Most of the posts related to substances on social media involve “glass” — methamphetamine. An open trade of methamphetamine is being observed on the platforms managed by people out of the country. While a customer speaks to a dealer virtually, they never interact in real life. First, the customer sends money to the bank account abroad. Then, without contacting the customer physically, a local drug mule leaves the drug somewhere in the vicinity: on the fire prevention cupboards or under the nearby bins. Once the drug mule leaves, the customer receives a message where they can pick up their drug.
As for the prices of methamphetamine, it varies around 10-15 dollars. It is usually consumed mainly by those who engage in physical labour: casual workers paid daily or taxi drivers working for long distances or at night. Because methamphetamine kills a sense of sleepiness and hunger, it helps people working in the service sector. However, unfortunately, this “help” costs them physical and moral degradation in most cases; a substance that causes tooth decay and wounds in the skin also turns them into junkies in the short term, making a recovery more challenging later in their life.
Beauty requires sacrifice…
In the recent few months, police authorities in Azerbaijan have increased their efforts in fighting against drug in capital city Baku and almost all other regions. We see news and videos about the arrestment of tens of drug dealers and the disclosure of many drug lords and drug dens in the mass media every week nowadays. The public is delighted with these arrests and the tearing down of such “damned places”.
Yet one of such raids left a shocking effect on society because this drug den was based on one of the beauty salons in the city centre.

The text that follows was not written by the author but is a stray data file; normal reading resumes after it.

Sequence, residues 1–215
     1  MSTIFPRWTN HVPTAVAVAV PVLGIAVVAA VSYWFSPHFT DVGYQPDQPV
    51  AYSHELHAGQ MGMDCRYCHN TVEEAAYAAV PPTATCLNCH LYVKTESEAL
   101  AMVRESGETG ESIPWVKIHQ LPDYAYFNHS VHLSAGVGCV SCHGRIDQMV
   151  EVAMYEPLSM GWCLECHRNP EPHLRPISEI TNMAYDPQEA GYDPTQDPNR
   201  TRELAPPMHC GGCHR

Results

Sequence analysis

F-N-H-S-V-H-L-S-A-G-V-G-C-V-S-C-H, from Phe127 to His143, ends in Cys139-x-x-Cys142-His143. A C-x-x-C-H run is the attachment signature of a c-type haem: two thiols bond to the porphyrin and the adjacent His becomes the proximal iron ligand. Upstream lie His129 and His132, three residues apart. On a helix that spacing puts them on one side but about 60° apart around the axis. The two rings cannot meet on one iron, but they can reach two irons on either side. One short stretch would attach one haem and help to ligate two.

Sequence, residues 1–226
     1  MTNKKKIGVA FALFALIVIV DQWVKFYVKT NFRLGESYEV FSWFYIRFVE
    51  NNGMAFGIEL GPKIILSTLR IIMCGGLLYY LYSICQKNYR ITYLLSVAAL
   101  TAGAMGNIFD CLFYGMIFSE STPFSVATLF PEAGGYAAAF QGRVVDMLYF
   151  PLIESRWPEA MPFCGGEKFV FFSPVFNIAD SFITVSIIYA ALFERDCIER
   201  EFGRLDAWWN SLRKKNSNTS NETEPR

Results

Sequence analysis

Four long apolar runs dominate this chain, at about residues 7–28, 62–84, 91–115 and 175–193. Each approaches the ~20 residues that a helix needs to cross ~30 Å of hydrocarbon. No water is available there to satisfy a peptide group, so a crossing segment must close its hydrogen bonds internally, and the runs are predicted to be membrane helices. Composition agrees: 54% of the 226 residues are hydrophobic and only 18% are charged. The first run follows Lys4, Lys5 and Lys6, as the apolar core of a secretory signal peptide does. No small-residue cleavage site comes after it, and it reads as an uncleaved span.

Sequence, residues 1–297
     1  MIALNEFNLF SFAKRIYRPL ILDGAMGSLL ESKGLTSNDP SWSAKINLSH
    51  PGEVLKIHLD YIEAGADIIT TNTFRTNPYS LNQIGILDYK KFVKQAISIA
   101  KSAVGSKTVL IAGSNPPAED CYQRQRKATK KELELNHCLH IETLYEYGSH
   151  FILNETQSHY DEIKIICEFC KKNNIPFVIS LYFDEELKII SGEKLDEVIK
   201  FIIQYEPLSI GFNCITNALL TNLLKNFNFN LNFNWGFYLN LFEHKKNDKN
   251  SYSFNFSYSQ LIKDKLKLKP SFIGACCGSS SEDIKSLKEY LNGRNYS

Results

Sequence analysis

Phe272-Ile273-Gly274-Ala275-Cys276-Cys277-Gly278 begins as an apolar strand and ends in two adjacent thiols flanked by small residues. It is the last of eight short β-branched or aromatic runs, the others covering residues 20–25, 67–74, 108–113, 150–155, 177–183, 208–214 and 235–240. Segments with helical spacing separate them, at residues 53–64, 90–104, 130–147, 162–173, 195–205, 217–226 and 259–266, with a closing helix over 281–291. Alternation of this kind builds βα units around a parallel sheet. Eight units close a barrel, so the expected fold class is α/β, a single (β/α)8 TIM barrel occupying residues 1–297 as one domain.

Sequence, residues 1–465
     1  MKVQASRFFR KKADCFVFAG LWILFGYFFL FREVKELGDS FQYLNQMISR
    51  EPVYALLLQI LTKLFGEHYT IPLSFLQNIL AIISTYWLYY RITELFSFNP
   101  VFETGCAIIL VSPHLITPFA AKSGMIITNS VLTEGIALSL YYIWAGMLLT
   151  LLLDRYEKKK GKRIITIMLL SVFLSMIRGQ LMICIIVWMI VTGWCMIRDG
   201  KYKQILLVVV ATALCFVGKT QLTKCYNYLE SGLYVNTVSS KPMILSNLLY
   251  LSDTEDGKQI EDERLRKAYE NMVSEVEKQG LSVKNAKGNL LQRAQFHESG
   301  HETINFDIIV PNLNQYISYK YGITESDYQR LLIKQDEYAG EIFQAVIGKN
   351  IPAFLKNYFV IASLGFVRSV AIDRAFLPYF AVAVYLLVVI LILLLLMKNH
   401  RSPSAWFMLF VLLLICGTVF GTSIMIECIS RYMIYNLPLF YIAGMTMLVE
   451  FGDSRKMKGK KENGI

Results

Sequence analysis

This news drew my attention so much that I decided to research the topic a bit. One of the articles wrote because methamphetamine kills the feeling of hunger, young women use them mainly to lose weight.
Drug dealers usually deliver information about its “slimming function” to teenage girls. By giving free methamphetamine to them in the beginning, they firstly succeed to make those girls addicted and dependant on the dealers. Once the latter is done, they forward those “young victims” to the human trafficking mafia. As a result, those victims get ready to do everything for just a dose of the drug and ultimately end up being sex slaves.
Of course, getting aware of its slimming function, some women consume methamphetamine voluntarily. Women in sex work, tourism and show-business, attaching significance to “beauty standards”, apply methamphetamine for the abovementioned purpose. Consequently, where women get together, beauty salons turn to a highly suitable place to become a drug den. Directors of such salons offer those products under the name of “procedure for beauty” to women.
Why is it difficult for Azerbaijan to solve a drug problem?
No matter how many police raids are organised, drug dens and laboratories are abolished, the underlying reason for the problem is still there because the issues that lead people to use drugs have not been addressed yet: unemployment, lower social welfare, schools not working with the parents of the adolescents properly, non-professional school psychologists, conservativeness in families coming from the society traditions, parents not being able to organise a quality spare time for their children…
The situation seems hopeless more than ever.
Almost every day, numerous writers, singers, intellectuals, and politicians share posts about the detrimental effects of drugs nowadays to deter young people from such a dangerous thing. However, it is undeniable that unless the government takes systematic actions to address the issue, all are partial and short-term solutions. They cannot solve the problem entirely in the long run.